DIAMOND (voice-over): Hezbollah has been firing rockets, missiles, and drones at northern Israel since October 8th. Israel has responded with airstrike after airstrike, devastating parts of southern Lebanon where more than 90,000 people have fled their homes since October.


In northern Israel, about 60,000 Israelis have been displaced, people like Ori Eliyahu and his nine dogs. His grandfather was among the first people Israel settled in Shtula in the late 1960s and after spending his summers there as a child, Ori decided to move there.

DIAMOND: Shtula is a special place for you?

ORI ELIYAHU, DISPLACED SHTULA RESIDENT: It is my house, to be honest.

DIAMOND: And if you could return to Shtula, you would?

ELIYAHU: Of course, I will return in the first moment I will be able to, yeah.

DIAMOND: But he says that may not be the case for families with children.

ELIYAHU: I don't think that there is a condition that we will make them come back because whenever they know that Hezbollah is like Hamas can do what they did on October 7 and attack them, they want to mirror them (ph). And there is no real solution because a big war might ruin everything.

DIAMOND (voice-over): A big war is exactly what the Israeli military is preparing for.

HERZBERG: Our division has been training for this war for a long, long time.

DIAMOND (voice-over): Whether that war materializes is unclear. But for Colonel Herzberg, the objective is obvious, get Israel's northern residents back into their homes.

HERZBERG: Whether that happens before a major ground operation or after ground operation, I can't tell you on a tactical level (inaudible) level or the policy level, but the people are to come back sooner than later.

DIAMOND (voice-over): Jeremy diamond, CNN, Shtula, Israel.


CHURCH: Iran's new president says his country will continue to support Hezbollah. This comes from a letter Masoud Pezeshkian sent to the leader of Hezbollah on Monday. Iran has long backed the militant group (inaudible) Pezeshkian won Friday's runoff election in Iran, becoming the country's new president.

Well, still to come here on "CNN Newsroom," researches in China are testing a robot guide dog, how this could help the visually impaired live with more independence, that's next.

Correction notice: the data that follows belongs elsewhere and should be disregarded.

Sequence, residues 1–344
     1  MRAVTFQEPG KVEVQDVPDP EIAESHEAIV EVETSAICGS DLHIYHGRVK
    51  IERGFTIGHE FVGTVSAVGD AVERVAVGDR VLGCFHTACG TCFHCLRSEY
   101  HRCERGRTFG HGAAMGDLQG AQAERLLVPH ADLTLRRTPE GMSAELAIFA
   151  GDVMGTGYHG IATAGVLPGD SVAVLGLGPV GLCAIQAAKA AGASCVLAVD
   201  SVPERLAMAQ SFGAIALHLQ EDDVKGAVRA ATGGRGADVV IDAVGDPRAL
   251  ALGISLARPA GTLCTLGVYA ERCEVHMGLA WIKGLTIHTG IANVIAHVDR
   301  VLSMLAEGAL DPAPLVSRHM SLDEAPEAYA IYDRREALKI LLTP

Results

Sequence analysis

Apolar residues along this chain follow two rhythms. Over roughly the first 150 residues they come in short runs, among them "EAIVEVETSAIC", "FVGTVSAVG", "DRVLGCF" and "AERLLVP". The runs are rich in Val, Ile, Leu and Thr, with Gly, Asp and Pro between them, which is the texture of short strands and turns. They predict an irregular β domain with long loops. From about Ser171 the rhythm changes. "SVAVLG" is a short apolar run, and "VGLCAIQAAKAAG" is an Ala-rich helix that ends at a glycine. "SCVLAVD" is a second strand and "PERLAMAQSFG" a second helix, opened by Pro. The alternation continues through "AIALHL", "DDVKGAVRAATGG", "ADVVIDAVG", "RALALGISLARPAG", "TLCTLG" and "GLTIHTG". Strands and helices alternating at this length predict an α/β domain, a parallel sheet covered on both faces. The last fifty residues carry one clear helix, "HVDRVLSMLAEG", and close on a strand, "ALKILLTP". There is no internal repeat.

CHURCH: Welcome back, everyone. Well, it's less furry than a traditional companion, but it can navigate via cameras and has AI- enabled voice recognition capability and researchers in China hope robot guide dogs can one day help the visually impaired live more independently. CNN's Marc Stewart has that report.



STEWART (voice-over): Guide dogs are known for their alert eyes and life-saving potential, but now, they may be getting a new image. A Chinese research team is testing a six-legged robot dog on the streets in Shanghai to help visually impaired people. Li Fei and her husband are visually impaired and working with the Jiao Tong University research team to test these robots.

LI FEI, TESTING ROBOT GUIDE DOGS (through translator): For now, I can tell it where I'm going out via voice conversation.


I can control the speed with this blind cane I have. STEWART (voice-over): The robot dog navigates by using cameras and sensors, and recognizes traffic signals which guide dogs can't do. It can communicate with visually impaired people through AI technology in voice recognition and route planning, using listening and speaking capabilities. China has around 17 million visually impaired people according to the China Association of the Blind. 8 million are completely blind says the World Health Organization. But there are only 400 or so guide dogs in the country says the head of the research team.

GAO FENG, PROFESSOR, JIAO TONG UNIVERSITY, SHANGHAI (through translator): It is impossible to solve this problem with guide dogs. Robots are a lot like cars, and I can mass produce them in the same way as cars. It will become more affordable.

STEWART (voice-over): Affordability is a major issue for both dogs and robots. The vast majority of visually impaired people navigate the world without access to highly-trained guide dogs according to Guiding Eyes, a non-profit providing dogs to people with vision loss. Researchers say if these robots are successful and affordable, they could bring a new level of accessibility to visually impaired people. Critics say robots can't adjust to terrain and dangerous situations as easily as dogs can. But despite the pros and cons, researchers believe there is a future for both to exist in harmony.

Marc Stewart, CNN, Beijing.


CHURCH: John Cena plans to say goodbye to the sport that made him a star. The 47-year-old wrestler turned actor has announced he is retiring from World Wrestling Entertainment next year. He says he will perform 30 to 40 dates through 2025 as he winds down his nearly 25- year pro wrestling career. The 16-time WWE world champion is tied with wrestling legend Ric Flair for the most championships ever. Cena has found success in Hollywood in recent years with roles in films like "Barbie, The Suicide Squad, and the Fast & Furious franchise."

Well, thank you so much for joining us this hour. I'm Rosemary Church. "World Sport" is coming up next. Then I will be back in about 15 minutes with more "CNN Newsroom." Do stick around.